Anaphase, from the ancient Greek ανα (up) and φασις (stage), is the stage of mitosis when chromosomes separate in a eukaryotic cell. Each chromatid moves to opposite poles of the cell, the opposite ends of the mitotic spindle, near the microtubule organizing centers.
Anaphase begins abruptly with the regulated triggering of the metaphase-to-anaphase transition. At this point the Anaphase Promoting Complex (APC) becomes activated. This terminates metaphase (M-phase) activity by cleaving and inactivating the M-phase cyclin required for the function of M-phase cyclin dependent kinases (M-Cdks). It also cleaves securin, a protein that inhibits the protease known as separase. Separase then cleaves cohesin, a protein responsible for holding sister chromatids together.
Early and late anaphase
Within anaphase two distinct processes occur.
- During early anaphase (or Anaphase A) the chromatids abruptly separate and move towards the spindle poles. This is achieved by shortening of the spindle microtubules, and forces are mainly exerted at the kinetochores.
- When the chromatids are fully separated late anaphase (or Anaphase B) begins. This involves the polar microtubules elongating and sliding relative to each other to drive the spindle poles further apart. Anaphase B drives separation of the sister centrosomes to their opposite poles through three forces. Kinesin proteins attached to polar microtubules push the microtubules past one another. A second force involves pulling of the microtubules by cortex-associated cytosolic dynein. The third force for the separation of chromosomes involves lengthening the polar microtubules at the plus end.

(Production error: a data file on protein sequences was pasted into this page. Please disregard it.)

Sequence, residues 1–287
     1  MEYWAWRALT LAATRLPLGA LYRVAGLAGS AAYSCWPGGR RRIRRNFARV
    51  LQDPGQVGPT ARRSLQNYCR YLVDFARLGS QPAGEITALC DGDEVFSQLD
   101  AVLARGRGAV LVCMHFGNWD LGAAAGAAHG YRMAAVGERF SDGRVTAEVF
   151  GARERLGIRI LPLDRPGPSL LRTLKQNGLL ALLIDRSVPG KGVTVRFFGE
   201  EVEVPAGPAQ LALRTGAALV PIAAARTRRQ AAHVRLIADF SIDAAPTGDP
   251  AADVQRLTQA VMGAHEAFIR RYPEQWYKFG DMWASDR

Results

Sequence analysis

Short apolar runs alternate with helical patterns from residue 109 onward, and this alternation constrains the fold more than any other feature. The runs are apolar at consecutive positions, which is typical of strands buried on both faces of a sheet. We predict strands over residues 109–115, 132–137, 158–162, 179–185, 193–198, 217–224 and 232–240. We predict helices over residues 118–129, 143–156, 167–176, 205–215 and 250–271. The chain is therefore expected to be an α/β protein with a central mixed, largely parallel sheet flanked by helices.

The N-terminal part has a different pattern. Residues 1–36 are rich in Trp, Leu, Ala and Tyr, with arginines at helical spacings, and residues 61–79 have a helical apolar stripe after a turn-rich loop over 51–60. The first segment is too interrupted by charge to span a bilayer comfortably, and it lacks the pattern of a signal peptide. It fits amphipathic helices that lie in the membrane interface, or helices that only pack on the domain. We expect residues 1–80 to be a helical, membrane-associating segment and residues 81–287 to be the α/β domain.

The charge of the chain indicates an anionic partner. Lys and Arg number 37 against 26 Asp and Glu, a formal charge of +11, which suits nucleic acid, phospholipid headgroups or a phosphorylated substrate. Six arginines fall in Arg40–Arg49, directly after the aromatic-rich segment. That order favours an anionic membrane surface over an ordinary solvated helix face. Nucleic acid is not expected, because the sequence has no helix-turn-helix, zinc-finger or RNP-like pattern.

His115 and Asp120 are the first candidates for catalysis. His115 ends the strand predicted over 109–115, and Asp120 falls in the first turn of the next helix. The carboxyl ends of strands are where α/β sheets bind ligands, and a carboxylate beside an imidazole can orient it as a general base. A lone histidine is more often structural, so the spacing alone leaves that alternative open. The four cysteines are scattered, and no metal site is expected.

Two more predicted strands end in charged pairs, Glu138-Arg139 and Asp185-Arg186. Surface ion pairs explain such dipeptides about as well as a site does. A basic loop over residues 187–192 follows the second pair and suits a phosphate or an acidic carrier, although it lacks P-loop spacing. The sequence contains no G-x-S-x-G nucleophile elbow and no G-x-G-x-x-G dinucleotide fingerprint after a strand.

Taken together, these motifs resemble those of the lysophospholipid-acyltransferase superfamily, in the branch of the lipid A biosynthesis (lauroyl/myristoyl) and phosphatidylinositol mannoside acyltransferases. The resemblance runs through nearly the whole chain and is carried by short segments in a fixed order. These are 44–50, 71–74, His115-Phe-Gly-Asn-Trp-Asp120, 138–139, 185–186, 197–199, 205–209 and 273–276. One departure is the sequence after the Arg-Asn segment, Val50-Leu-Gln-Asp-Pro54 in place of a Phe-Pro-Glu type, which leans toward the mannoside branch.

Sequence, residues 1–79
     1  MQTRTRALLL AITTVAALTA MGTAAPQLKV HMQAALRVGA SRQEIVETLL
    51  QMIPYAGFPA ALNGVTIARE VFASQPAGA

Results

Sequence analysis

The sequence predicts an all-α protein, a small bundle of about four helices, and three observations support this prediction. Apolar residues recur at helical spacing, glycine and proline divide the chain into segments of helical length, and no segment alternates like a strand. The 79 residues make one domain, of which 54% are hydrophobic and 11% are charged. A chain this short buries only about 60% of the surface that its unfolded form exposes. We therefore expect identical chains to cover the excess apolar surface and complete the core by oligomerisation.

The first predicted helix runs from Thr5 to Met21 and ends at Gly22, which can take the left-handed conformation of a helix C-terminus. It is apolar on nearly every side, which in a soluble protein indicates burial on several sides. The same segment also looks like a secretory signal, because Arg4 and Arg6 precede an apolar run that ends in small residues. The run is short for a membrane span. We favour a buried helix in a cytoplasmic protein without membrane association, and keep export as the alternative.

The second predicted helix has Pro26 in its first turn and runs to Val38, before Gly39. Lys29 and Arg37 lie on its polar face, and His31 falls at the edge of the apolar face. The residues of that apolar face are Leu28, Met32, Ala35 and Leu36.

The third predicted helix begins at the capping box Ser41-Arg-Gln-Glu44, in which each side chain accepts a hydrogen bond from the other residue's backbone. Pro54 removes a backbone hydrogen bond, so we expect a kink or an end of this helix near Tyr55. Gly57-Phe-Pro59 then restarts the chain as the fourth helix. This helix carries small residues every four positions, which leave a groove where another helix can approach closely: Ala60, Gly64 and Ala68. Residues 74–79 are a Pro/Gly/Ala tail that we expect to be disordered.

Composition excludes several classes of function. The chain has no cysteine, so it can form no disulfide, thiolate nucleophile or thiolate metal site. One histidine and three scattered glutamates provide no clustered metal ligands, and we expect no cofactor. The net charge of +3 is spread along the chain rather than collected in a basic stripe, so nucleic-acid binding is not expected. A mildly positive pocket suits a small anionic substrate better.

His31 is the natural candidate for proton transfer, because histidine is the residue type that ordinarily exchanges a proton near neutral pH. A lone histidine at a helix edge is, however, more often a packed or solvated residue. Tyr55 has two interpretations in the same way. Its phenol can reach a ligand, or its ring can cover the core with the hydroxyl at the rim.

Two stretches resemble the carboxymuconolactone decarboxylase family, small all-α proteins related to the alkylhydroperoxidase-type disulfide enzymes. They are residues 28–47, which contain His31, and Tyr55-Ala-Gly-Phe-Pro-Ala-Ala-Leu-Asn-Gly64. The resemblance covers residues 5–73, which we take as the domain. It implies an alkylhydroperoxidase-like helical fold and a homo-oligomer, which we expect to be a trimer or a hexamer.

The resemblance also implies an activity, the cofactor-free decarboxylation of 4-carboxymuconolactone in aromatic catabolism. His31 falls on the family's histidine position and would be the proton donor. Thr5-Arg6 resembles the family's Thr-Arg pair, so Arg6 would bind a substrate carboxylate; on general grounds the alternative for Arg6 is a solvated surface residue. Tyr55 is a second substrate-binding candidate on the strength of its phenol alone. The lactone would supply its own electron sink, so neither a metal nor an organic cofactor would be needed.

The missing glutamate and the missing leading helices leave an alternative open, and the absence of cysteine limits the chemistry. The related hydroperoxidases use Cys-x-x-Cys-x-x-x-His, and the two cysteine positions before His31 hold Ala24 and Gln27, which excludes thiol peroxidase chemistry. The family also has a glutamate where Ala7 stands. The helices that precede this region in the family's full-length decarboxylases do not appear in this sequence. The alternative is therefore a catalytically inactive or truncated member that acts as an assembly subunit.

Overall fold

These two processes were originally distinguished by their different sensitivities to drugs, and mechanically they are distinct processes.
- Early anaphase involves shortening kinetochore mictrotubules by depolymerization at both ends. During this, motor proteins at the kinetochores pull on the kinetochore microtubules.
- Late anaphase involves both the elongation of overlap microtubules and the use of two distinct sets of motor proteins: one of these pulls overlap microtubules past each other, the other pulls on astral microtubules that have attached to the cell cortex.
The contributions of early anaphase and late anaphase to anaphase as a whole vary with cell type. In mammalian cells, late anaphase follows shortly after early anaphase and extends the spindle to around twice its metaphase length; in contrast yeast and certain protozoa use late metaphase as the main means of chromosome separation and can extend the spindle to up to 15 times its metaphase length in the process.